The genus Streptococcus comprises a heterogeneous group of bacteria that have an important role in medicine and industry. These microorganisms are Gram-positive, cocci, 0.6–1.2 µm diameter, not motile, do not form spores, are catalase-negative and grow in pairs or chains [7]. Rebecca C. Lancefield, in her work in the early 1930s, systematized the classification of streptococci based on the presence and type of surface antigen: cell wall polysaccharide or lipoteichoic acid [8]. S. agalactiae is classified as Lancefield group B (GBS) based on the presence of a polysaccharide in the cell wall. This polysaccharide is composed of galactose, N-acetylglucosamine, rhamnose and glucitol phosphate [7].Currently, ten serotypes are described for this species (Ia, Ib, II-IX) and occasionally some strains can be non-serotypeable [9].

Major human and animal streptococcal pathogens belong to the pyogenic group of β-hemolytic streptococci [10]. In this context, the β-hemolytic bacteria S. agalactiae, deserves attention for causing diseases in a broad range of homeothermic and heterothermic hosts [4], although this bacteria is also a common member of the gastrointestinal tract microbiota [11].

At the end of the 19th century, GBS was initially described as an etiological agent of mastitis in cows, being reported as causing disease in humans only 50 years later [12]. In fish, S. agalactiae was recognized as a pathogen in 1966 [13]. Sporadically, this pathogen has also been associated with illness in many others hosts, such as chickens, camels, dogs, horses, cats, frogs, hamsters, mice, monkeys, and nutria [14].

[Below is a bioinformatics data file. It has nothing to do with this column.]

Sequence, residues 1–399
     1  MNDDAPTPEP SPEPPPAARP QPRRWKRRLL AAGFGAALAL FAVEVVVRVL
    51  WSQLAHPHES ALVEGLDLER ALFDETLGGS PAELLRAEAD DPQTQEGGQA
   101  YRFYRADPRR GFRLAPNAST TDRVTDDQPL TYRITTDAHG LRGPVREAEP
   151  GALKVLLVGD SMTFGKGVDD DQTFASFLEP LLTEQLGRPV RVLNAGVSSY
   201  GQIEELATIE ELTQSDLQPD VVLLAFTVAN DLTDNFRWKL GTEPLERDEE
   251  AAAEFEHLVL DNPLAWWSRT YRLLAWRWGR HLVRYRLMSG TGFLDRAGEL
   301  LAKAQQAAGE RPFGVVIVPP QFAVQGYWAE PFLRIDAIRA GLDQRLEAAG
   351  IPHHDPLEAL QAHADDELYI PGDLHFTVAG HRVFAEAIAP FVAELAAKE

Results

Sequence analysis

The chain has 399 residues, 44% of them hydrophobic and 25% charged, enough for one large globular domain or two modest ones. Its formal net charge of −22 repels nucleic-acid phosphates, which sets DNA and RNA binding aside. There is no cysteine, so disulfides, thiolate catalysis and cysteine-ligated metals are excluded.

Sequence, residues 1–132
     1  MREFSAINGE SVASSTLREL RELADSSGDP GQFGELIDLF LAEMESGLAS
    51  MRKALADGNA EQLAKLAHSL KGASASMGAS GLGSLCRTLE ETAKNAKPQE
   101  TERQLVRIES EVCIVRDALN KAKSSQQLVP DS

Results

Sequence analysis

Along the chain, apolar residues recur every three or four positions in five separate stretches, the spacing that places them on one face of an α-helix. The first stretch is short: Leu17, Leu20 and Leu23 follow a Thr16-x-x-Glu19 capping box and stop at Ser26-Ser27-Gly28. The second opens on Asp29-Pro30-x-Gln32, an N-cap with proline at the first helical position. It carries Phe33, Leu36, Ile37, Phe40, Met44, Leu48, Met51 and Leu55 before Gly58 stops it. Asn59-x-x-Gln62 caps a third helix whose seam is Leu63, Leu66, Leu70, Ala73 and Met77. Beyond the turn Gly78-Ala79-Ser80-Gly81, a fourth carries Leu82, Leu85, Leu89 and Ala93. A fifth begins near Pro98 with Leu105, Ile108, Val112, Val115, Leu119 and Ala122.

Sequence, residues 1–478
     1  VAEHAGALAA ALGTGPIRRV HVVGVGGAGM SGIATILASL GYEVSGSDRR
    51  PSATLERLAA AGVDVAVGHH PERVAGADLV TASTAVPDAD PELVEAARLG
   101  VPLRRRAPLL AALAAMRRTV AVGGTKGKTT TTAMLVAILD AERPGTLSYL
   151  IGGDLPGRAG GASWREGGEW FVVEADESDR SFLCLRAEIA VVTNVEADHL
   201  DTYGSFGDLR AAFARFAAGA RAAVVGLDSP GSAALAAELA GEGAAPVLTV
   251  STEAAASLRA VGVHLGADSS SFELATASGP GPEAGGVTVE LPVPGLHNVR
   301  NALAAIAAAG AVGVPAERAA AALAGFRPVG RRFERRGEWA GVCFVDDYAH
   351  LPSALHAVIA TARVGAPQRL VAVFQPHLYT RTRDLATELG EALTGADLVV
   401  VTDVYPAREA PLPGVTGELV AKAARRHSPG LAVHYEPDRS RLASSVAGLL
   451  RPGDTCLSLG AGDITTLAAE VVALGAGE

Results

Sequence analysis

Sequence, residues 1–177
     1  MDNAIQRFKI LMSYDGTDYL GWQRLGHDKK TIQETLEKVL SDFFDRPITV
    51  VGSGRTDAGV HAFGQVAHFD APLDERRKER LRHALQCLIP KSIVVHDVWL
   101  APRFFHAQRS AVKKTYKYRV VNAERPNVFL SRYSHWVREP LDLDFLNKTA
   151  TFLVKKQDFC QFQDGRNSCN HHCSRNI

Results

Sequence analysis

S. agalactiae is a facultatively anaerobic bacterium that uses glucose as an energy source, and is also able to use different carbon sources such as cellobioise, beta-glucoside, trehalose, mannose, lactose, fructose, mannitol, N-acetylgalactosamine, and glucose (Table 1). This pathogen is limited in the synthesis of most amino acids precursors. Only the biosynthetic pathways for alanine, serine, glycine, glutamine, aspartate, asparagine and threonine are present [31]. The adaptation to oxygen radical stress of this pathogen is related to superoxide dismutase (sodA gene) which converts superoxide anions to molecular oxygen and hydrogen peroxide, which, in turn, is metabolized by catalases and/or peroxidases [34]. Although GBS does not synthetize catalase to remove toxic H2O2, it is 10-fold more resistant to oxygen metabolites than the catalase-producing S. aureus. This is due to the presence of several enzymes that might detoxify H2O2 that have been identified in the genome of S. agalactiae such as NADH peroxidase, NADH oxidase and thiol peroxidase [31]. This diversity of metabolic and adaptative mechanisms reflects the ability of GSB to survive in various environments and hosts.
Table 1.

Classification and general features of S. agalactiae SA20-06 according to the MIGS recommendations [15].

MIGS ID

Property

Term

Evidence code

  

Domain Bacteria

TAS [16]

  

Phylum Firmicutes

TAS [1719]

  

Class Bacilli

TAS [20,21]

  

Order Lactobacillales

TAS [20,22]

  

Family Streptococcaceae

TAS [23,24]

 

Classification

Genus Streptococcus

TAS [23,25,26]

  

Species Streptococcus agalactiae

TAS [23,2729]

  

Strain SA20-06

TAS [4]

 

Gram stain

Positive

TAS [30]

 

Cell shape

Spherical or ovoid

TAS [30]

 

Motility

non-motile

TAS [30]

 

Sporulation

non-sporulating

TAS [30]

 

Temperature range

mesophile

TAS [30]

 

Optimum temperature

28°C (fish isolates)

IDA

 

Salinity

usually grows in 4% of NaCl, but not in 6.5%

TAS [30]

MIGS-22

Oxygen